Karley Sciortino talks with two vocal advocates for more open dialogue about sex in the trans community.
Buck Angel (L) with an attendee of one of his seminars in an episode of SLUTEVER.
A little over a year ago, I interviewed a friend of mine named Nomi Ruiz—who’s a singer and an outspoken voice in the trans community—for Vogue. She wanted to talk about how, after she had gender confirmation surgery in her mid-twenties, there wasn’t any information out there about what sex was going to be like for her, which felt really scary. It was a subject that she felt like no one was talking about.
It makes sense, for a lot of important reasons, to keep that stuff private. A few years ago, as narratives of trans experience leapt to the forefront of the cultural conversation, a lot of prominent people in the trans community—like Laverne Cox, for example—pointed out that the media's focus on sex and surgery and genitals objectifies trans people and in many ways distracts from pressing issues at hand, like the fact that trans people face disproportionate levels of violence and unemployment and homelessness. In order to avoid that, there was basically a black box put over conversations around sex and sexuality for trans people.
Now, though, there’s a few voices in the trans community who are saying that, although they want to prevent objectification and invasion of privacy, it’s also really important and necessary to be open about sex. Because when you tell people they can’t talk about sex, that breeds shame and confusion around the subject and can inhibit people from getting proper sex education. Because I’m cis, I have nothing personal to add. But I am typically a proponent for talking openly about sex. So, I decided to speak to some people who are passionate about opening up this conversation.
Buck Angel is one of those people. He’s a New York based porn producer and motivational speaker who also created the first sex toy for trans men in the world. His toy is called BuckOFF, and it’s a masturbation tool for trans men that’s shaped like a penis. So, if you have a clit that’s been enlarged through testosterone therapy, you can place the toy on top and use your hand to jack off like you’re holding a penis. I shadowed Buck a bit as he did promo for the toy, and he explained that the goal is to allow trans men to jack off without having to touch their genitals, because that can trigger gender dysphoria in some people.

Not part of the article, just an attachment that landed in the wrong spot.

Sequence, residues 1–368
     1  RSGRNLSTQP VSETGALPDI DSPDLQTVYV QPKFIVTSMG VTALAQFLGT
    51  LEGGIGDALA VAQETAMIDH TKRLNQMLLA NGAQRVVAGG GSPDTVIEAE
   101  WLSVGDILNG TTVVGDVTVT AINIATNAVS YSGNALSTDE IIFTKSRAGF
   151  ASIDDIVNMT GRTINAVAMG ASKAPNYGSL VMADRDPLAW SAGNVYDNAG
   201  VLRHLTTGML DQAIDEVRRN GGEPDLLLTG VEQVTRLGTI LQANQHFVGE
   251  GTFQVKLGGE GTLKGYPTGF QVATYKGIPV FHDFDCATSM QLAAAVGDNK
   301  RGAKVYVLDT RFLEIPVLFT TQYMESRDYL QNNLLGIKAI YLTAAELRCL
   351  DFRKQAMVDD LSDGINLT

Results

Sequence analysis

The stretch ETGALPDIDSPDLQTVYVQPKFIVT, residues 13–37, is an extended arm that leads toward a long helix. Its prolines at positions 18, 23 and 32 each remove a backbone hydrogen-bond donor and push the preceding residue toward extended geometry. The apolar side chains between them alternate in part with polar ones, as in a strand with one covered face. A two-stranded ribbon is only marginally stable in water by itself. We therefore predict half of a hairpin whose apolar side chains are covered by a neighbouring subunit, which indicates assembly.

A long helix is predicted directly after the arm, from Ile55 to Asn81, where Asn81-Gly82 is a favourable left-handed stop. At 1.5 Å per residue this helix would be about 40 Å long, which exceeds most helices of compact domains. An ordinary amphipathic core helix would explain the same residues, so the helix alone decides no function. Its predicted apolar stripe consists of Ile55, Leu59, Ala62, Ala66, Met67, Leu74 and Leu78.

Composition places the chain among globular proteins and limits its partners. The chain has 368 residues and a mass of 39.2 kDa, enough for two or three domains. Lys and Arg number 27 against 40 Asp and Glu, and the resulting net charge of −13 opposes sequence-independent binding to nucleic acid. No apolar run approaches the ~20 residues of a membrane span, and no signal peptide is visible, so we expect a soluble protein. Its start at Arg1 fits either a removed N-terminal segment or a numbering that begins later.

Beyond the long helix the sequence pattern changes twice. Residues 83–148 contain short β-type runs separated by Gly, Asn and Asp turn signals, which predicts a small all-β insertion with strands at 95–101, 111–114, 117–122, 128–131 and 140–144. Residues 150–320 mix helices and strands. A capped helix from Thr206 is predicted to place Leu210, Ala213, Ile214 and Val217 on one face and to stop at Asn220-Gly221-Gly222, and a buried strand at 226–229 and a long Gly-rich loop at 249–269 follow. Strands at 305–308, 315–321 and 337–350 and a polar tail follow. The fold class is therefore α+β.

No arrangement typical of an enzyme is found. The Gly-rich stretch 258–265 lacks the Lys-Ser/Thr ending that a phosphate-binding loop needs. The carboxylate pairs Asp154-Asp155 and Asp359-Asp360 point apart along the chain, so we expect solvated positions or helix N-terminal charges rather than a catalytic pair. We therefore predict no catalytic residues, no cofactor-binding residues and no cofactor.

"That was an amazing thing, to be able to create a product that gave men permission to masturbate and gave men permission to say my body is OK and I’m OK,” said Buck.
Buck’s ultimate goal is to help people accept their bodies. For the motivational speaker part of his job, he holds sex-related seminars for trans people. I attended one at the LGBT Community Center in New York, with about 30 other people—mostly trans people, some with their cis partners. In it, he shared his own experience living as a man with a vagina. He talked about how, at first, he was uncomfortable with sex because he didn’t relate to his genitals, but through masturbation he slowly came to love his vagina and love having sex in the body he’s in. He totally supports people who want to have gender confirmation surgery, but he also wants to open up conversations about how that may not be right for everyone, and that’s fine. He basically spreads the message that not all bodies need to be a specific way, and you don’t have to have a dick to be a man.
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I also checked in with Nomi to chat about the experience of people who do want to get surgery. She told me that she’s still realizing how many things she didn’t know beforehand. Like, no one told her that when she got a pussy, it was gonna get wet. She was like: “My vagina is so much more amazing than I thought it was going to be!” But she had to learn all these things, similar to when you’re a teen and you first start having sex. She said the first time a guy went down on her, she was like, “Something’s wrong with me, I can’t cum.” And then someone explained to her that some guys are just bad at eating girls out and she just needed to find someone else who was better.
Nomi said she wishes there were more people out there getting real about gender confirmation surgery and what its like to have sex afterwards. Often, the way people talk about surgery is that it’s not about sex, it’s about gender dysphoria. And while that can be true for some people, Nomi feels like sex is a big part of being a human, and that gender confirmation surgery can have a lot to do with sex, too.
My conversations with Buck and Nomi really confirmed for me how important it is to have open and honest conversations around sex—and for trans people to be able to build community around those conversations. I think some form of that issue exists for everyone. In general, when people aren’t able to talk about sex, it creates insecurity and shame and a lack of education. Why would that be any different for trans people?
As Nomi put it: "Somehow, we have to break the barrier because there is a time and place to talk about sex. It's OK to talk about sex; it's your choice, and you should be in charge of that dialogue and that narrative.”